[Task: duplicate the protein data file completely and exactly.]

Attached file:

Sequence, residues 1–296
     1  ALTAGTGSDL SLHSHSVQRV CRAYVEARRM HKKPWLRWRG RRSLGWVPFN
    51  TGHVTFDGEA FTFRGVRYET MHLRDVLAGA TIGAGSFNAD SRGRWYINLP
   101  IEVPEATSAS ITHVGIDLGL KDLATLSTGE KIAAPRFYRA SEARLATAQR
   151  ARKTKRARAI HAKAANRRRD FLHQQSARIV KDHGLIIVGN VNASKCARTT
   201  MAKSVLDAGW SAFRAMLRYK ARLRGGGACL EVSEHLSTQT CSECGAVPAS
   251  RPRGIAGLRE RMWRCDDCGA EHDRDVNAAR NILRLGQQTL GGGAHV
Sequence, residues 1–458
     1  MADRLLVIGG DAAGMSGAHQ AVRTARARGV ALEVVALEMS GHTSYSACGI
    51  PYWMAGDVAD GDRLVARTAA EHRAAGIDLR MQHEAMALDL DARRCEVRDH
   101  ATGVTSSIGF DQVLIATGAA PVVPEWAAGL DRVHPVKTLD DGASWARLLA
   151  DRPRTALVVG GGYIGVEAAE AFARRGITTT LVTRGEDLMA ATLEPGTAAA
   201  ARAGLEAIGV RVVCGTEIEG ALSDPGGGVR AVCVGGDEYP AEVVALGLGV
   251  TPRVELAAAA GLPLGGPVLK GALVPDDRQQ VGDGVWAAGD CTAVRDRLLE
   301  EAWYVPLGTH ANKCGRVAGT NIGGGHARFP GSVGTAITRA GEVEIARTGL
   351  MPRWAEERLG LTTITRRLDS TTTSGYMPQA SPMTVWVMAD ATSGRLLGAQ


Sequence, residues 1–296
     1  ALTAGTGSDL SLHSHSVQRV CRAYVEARRM HKKPWLRWRG RRSLGWVPFN
    51  TGHVTFDGEA FTFRGVRYET MHLRDVLAGA TIGAGSFNAD SRGRWYINLP
   101  IEVPEATSAS ITHVGIDLGL KDLATLSTGE KIAAPRFYRA SEARLATAQR
   151  ARKTKRARAI HAKAANRRRD FLHQQSARIV KDHGLIIVGN VNASKCARTT
   201  MAKSVLDAGW SAFRAMLRYK ARLRGGGACL EVSEHLSTQT CSECGAVPAS
   251  RPRGIAGLRE RMWRCDDCGA EHDRDVNAAR NILRLGQQTL GGGAHV
Sequence, residues 1–458
     1  MADRLLVIGG DAAGMSGAHQ AVRTARARGV ALEVVALEMS GHTSYSACGI
    51  PYWMAGDVAD GDRLVARTAA EHRAAGIDLR MQHEAMALDL DARRCEVRDH
   101  ATGVTSSIGF DQVLIATGAA PVVPEWAAGL DRVHPVKTLD DGASWARLLA
   151  DRPRTALVVG GGYIGVEAAE AFARRGITTT LVTRGEDLMA ATLEPGTAAA
   201  ARAGLEAIGV RVVCGTEIEG ALSDPGGGVR AVCVGGDEYP AEVVALGLGV
   251  TPRVELAAAA GLPLGGPVLK GALVPDDRQQ VGDGVWAAGD CTAVRDRLLE
   301  EAWYVPLGTH ANKCGRVAGT NIGGGHARFP GSVGTAITRA GEVEIARTGL
   351  MPRWAEERLG LTTITRRLDS TTTSGYMPQA SPMTVWVMAD ATSGRLLGAQ